With Backes setting the example, Blues' top line is heating up
ST. LOUIS -- A hard-working veteran line hitting its stride has provided the spark for a Blues offense averaging nearly four goals per game in December.
Alexander Steen, T.J. Oshie and David Backes finished last season as the top three points leaders for St. Louis, so it came as no surprise when the team struggled to score while the trio got off to a slow start this October. Steen moved out of the starting lineup in the preseason to join new center Paul Stastny, and Oshie's lengthy absence with a concussion kept production low for St. Louis' starting forwards.
Only Backes stayed in the line consistently and despite a team-high five power-play goals, he scored just one at even strength before Thanksgiving. Oshie says it took him a couple weeks to feel comfortable again after he returned Nov. 13, and Steen rejoined the group in impressive fashion last week with two goals after returning from an injury in a 6-3 win over the visiting New York Islanders.
"My line's playing really honest right now, and that's where we're getting all our chances from," Oshie says. "We're not cheating to the offensive side, we're turning pucks over with good positioning and good support and then going on offense."
Oshie scored a goal and assisted on another in a 6-4 win at the same New York team to begin a stretch of six points in four games, capped off by last Saturday's game-winner in overtime at Colorado. The 27-year-old has found most of his success by focusing on defensive positioning, then taking advantage of mistakes and rushing into the offensive zone.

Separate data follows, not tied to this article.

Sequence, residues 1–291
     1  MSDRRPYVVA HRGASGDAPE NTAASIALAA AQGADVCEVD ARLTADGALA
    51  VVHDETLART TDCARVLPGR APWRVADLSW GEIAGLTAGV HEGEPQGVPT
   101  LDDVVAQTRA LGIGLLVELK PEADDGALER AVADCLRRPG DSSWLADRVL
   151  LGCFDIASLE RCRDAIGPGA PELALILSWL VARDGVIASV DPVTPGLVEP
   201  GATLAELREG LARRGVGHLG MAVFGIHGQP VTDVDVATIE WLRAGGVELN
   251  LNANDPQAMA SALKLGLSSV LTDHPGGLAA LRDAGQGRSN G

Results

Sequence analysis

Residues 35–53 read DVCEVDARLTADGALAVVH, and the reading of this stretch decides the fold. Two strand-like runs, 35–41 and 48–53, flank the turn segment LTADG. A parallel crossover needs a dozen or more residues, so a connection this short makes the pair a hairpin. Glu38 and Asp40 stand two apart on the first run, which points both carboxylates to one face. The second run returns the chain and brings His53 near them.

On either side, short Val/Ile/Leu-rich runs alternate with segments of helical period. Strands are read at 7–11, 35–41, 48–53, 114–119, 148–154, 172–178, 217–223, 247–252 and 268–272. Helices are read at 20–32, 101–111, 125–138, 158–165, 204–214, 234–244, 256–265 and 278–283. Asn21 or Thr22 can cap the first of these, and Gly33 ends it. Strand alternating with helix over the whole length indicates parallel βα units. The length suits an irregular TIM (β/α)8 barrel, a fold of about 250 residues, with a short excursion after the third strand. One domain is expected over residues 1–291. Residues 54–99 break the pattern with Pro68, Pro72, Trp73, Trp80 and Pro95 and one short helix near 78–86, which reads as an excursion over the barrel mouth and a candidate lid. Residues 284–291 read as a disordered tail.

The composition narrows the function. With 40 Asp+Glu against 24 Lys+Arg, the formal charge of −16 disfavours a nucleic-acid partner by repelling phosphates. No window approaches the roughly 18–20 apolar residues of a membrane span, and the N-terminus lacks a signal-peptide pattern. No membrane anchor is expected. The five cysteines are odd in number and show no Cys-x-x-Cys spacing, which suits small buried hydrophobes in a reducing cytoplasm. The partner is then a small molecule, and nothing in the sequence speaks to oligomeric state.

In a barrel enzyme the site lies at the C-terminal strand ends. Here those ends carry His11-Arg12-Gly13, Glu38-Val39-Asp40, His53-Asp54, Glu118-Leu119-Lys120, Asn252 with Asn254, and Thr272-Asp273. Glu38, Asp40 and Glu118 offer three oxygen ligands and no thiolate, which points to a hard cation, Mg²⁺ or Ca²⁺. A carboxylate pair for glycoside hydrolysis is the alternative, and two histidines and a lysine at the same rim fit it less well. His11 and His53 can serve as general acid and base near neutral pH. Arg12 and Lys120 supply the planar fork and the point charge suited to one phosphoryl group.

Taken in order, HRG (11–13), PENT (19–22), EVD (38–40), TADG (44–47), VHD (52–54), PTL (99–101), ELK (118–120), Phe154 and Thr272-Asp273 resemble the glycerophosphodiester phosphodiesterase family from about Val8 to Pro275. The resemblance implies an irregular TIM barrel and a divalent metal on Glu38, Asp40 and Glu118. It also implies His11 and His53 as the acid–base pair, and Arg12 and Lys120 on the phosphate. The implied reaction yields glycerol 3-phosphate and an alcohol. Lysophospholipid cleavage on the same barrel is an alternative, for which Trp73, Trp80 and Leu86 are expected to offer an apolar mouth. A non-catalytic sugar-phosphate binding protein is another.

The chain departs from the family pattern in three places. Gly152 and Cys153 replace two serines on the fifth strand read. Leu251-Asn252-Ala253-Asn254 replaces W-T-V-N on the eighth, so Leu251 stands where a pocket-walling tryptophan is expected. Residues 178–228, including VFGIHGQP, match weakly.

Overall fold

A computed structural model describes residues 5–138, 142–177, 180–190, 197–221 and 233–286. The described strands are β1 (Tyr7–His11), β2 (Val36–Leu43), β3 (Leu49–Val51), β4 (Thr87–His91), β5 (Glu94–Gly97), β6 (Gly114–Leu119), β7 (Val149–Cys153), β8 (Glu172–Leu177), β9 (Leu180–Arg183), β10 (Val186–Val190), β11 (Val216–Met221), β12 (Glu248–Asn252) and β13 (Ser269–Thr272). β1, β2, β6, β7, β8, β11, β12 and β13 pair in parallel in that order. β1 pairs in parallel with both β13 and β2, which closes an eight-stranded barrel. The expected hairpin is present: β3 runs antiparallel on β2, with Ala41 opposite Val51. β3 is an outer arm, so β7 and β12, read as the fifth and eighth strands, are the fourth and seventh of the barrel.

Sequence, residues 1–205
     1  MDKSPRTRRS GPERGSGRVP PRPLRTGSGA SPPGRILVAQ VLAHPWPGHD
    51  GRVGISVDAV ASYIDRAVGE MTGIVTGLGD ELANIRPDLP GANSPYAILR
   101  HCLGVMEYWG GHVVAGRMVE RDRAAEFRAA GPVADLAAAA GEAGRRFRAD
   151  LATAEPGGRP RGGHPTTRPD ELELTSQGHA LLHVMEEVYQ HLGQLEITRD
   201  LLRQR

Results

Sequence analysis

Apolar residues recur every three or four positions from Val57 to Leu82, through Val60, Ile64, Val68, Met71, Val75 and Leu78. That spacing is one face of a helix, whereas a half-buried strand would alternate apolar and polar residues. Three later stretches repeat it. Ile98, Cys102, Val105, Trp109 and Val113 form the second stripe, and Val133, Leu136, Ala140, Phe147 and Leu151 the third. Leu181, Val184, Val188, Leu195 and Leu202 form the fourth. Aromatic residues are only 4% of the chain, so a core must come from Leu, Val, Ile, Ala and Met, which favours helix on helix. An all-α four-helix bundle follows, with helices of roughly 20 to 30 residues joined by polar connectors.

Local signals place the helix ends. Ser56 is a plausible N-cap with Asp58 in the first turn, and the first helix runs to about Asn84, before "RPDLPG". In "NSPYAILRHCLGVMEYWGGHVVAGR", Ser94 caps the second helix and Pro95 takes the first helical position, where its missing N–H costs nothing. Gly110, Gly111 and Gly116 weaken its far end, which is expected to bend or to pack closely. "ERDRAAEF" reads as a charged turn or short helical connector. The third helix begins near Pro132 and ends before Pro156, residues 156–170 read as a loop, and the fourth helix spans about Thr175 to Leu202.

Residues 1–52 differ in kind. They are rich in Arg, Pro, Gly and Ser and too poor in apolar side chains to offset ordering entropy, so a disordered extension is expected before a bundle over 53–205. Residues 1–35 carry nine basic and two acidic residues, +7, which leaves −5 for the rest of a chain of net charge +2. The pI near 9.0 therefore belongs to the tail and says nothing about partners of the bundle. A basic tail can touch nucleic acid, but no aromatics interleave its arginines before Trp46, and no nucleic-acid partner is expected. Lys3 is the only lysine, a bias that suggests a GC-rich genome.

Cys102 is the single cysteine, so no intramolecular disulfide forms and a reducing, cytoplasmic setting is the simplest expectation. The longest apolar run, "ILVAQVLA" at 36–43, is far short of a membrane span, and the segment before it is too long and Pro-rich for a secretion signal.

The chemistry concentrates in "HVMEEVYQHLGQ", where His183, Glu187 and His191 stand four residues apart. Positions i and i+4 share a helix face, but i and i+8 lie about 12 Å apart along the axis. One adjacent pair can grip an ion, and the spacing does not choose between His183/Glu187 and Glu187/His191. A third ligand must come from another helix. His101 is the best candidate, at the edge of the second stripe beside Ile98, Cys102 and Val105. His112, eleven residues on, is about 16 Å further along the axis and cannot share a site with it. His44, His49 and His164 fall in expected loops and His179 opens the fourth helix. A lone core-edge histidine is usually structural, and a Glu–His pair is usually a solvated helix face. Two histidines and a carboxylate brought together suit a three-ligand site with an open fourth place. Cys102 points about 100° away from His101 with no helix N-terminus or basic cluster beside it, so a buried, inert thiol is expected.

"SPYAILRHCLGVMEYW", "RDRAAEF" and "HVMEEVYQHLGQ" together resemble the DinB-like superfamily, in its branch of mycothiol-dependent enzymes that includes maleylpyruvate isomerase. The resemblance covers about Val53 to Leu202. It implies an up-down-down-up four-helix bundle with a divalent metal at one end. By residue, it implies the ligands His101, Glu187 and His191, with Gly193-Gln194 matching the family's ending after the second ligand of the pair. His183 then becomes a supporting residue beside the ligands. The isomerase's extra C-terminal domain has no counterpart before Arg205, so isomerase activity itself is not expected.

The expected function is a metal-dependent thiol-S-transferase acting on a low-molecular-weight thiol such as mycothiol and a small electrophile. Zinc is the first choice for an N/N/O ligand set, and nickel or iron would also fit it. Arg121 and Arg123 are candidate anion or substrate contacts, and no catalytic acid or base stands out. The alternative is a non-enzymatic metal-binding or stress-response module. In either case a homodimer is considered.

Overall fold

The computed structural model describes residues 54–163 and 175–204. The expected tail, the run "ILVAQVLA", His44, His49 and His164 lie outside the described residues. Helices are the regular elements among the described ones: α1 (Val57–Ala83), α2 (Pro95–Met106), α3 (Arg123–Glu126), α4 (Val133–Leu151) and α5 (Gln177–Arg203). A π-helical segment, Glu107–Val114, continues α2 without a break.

Coach Ken Hitchcock says all three forwards have picked up the energy to create many more scoring chances than they allow, and even Patrik Berglund had started to play better with Backes and Oshie earlier this month. The two U.S. Olympians rely on puck possession and solid forechecking to put relentless pressure on opponents, a style Hitchcock would like to see their teammates replicate.
"We're much more dangerous," Hitchcock says. "The way they've been playing the last three games, it gives us a group of forwards to follow properly and it makes a big difference in my ability to prop people up and put them in the right position when I know that I can count on that line to play the way we need them to play."
It's a stark contrast to the trio of Vladimir Tarasenko, Jori Lehtera and Jaden Schwartz, which could have made a strong claim to being the most dangerous line in hockey during a seven-game win streak earlier this season. They relied more on quick, pinpoint passing and the deadly shots of Tarasenko and Schwartz, talents that few forwards across the league could hope to match.
Hitchcock compared their play to forwards in the '70s and '80s, playing a "tic-tac-toe" style to keep possession and set up ideal shooting angles. It's decidedly not the blue-collar offense on which Hitchcock's teams usually thrive, and the Blues had a hard time maintaining consistent energy even as the STL line scored more than 50 percent of the team's goals through the season's first 20 games.
They've inevitably slowed down even though Tarasenko still leads the team with 17 goals, but St. Louis has responded much better to the example set by its starting forwards. Hitchcock couldn't ask for a better leader than Backes, who has played through pain for more than 37 minutes in two games since suffering multiple lacerations from a hard shot to the face early in a 4-2 win over Florida.
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"He hasn't even been close to 80 percent in the last two or three games, but he's still an effective player," Hitchcock says. "The part that makes me proud is he goes back out and he stands in front of the net and he doesn't jump out of the way."
It's a role the captain plays as well as anyone else in the NHL, and he deserves credit for far more than the two assists -- both on power plays -- that account for all of his points this month. Backes' numbers should continue to grow, and more important, his courageous, physical play figures to inspire other Blues seeking to fit in with the team's identity.
Not that anyone else needs to take a slap shot in the mouth to prove it.